For months I watched men lay bricks at 12-02 37th Avenue, creating a gray block building in the middle of the Ravenswood industrial business zone. It is so gray and blocky it looked like they were building a castle or a fort. Now with the exterior done, the building is totally more flamboyant at night, its surface illuminated by blue lights, giving it a jazzy, almost night-club like appearance in the industrial area. Most of the buildings that have gone up in the zone lately are hotels. I’m not sure yet if this is a hotel. And guess what, this is also a hotel! Of course it is. It took me a minute to call the wrong architect to find I had the wrong address and wrong paperwork to find a proper link explaining. And that architect? Also building a hotel in the Ravenswood IBZ (at 11-02 37th Ave.) Of course. ***Another update: Google Maps has this place listed as Hotel Nirvana! Well, nevermind. I like the way New York YIMBY described the 12-02 37th Ave development plan 2.5 years ago:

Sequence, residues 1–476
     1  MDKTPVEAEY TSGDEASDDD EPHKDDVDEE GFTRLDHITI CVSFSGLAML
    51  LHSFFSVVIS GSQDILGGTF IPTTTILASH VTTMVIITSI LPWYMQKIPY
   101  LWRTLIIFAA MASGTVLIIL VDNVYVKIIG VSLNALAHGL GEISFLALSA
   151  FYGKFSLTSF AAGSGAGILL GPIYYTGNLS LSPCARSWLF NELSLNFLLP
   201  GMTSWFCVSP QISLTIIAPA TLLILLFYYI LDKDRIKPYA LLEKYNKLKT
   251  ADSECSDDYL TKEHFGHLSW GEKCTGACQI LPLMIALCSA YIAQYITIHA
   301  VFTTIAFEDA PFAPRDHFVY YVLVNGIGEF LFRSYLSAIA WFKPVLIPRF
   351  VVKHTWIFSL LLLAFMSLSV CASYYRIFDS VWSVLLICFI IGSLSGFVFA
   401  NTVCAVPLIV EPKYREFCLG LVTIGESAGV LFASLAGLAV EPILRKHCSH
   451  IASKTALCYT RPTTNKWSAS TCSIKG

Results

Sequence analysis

“The development would rise 100 feet into the air on a vacant lot between 12th and 13th Streets, in a sleepy commercial no-man’s land near Ravenswood Generating Station and the Roosevelt Island Bridge… In fact, it seems like an odd place for a hotel. The surrounding blocks are dotted with low-slung warehouses, two-family homes, and the large Ravenwood Houses public housing project.”
But we know now that the Ravenswood IBZ, intended to preserve industrial business space, is a small forest of hotels surrounded by the tall grass of warehouses and small factories. So anyway, this hotel definitely has a stubby shape in comparison to the others. I’ll just say it again. It’s a gray block thing. But at night, that’s when it lets its freak flag fly.
(This post was adjusted to conform to learned information.)